"One of the reasons I like to go to school is to show the reality of Asian culture," Sauerman said. "I ask teachers to share with the children books on Asian culture before I come. It is interesting how much we've changed through the textbooks. It is interesting to read those books and see the stereotypes and to break those stereotypes."

Mal-Soon and her two sons have begun to explore the differences between American and Korean culture. On a family visit to Colorado, they found many Asian American businesses, including a grocery store with Asian products.

"My children walked in and they said 'Mom, this is so potent. It smells like salt and fish in here,'" Sauerman recalled. "We went down each aisle and they were amazed by it. The simplicity of it-two or three choices of each product and that was it. 'That's all they have there?' For my nine-year-old it was culture shock!"

They also visited an Asian clothing store, where Mal-Soon purchased a traditional Korean dress.

"In our culture, the elderly women dress you," Sauerman said. "There is no shame in taking off your clothes in front of an elderly woman. My son said, 'Mom, they dress you? They're not going to dress me!' The woman in this Korean dress shop knew exactly what size I was. She didn't have to measure me!"

With the increasing number of Asian adoptions in the United States, Sauerman is pleased to see that racism is not as prevalent. What troubles her most is the perspective on adopted children. She feels that parents don't make a qualification when speaking of birth children, and they should offer the same respect to adopted children.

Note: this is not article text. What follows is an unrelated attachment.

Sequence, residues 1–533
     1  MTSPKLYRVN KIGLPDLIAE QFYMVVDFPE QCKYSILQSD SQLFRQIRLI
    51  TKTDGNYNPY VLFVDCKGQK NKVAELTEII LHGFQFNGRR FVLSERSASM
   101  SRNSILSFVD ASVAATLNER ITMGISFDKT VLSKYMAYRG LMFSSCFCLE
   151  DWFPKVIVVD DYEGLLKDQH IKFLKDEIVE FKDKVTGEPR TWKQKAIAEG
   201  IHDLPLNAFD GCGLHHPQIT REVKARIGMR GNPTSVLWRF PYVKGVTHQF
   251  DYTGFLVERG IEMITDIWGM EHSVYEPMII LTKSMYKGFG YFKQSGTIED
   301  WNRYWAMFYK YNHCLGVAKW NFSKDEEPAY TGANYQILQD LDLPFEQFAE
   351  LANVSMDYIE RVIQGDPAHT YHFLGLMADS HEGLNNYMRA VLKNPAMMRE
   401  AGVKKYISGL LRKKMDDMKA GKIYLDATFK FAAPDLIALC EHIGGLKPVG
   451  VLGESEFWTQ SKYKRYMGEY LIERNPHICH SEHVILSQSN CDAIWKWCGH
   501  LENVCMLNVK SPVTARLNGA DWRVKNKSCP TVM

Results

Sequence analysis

"When a family adopts a child, they must make it private for the child," Sauerman said. "It's a one-time process-it's not a lifetime process. When we adopt we love all our children, we shouldn't label. You hear the parents talk about how they adopted these children from different countries. I think children often lose their voice in adoption. As a nation, we are accepting, but we haven't lost our mindset about adoption."

Sauerman is thankful that her children aren't facing the same stereotypes of the past and she hopes they will understand and take pride in both American and Korean cultures.

"I have taught my children, you can choose whatever heritage you want, but you need to understand both," Sauerman said. "You need to defend both, you need to be proud of both. I owe it to my children to give them their heritage."

May is Asian Pacific American Heritage Month. In the 2000 census, Asian Americans in Kansas numbered 46,000; in Shawnee County there were 1,679.

Entry: Asian Americans in Kansas

Author: Kansas Historical Society

Author information: The Kansas Historical Society is a state agency charged with actively safeguarding and sharing the state's history.

Date Created: June 2011

Date Modified: May 2021

The author of this article is solely responsible for its content.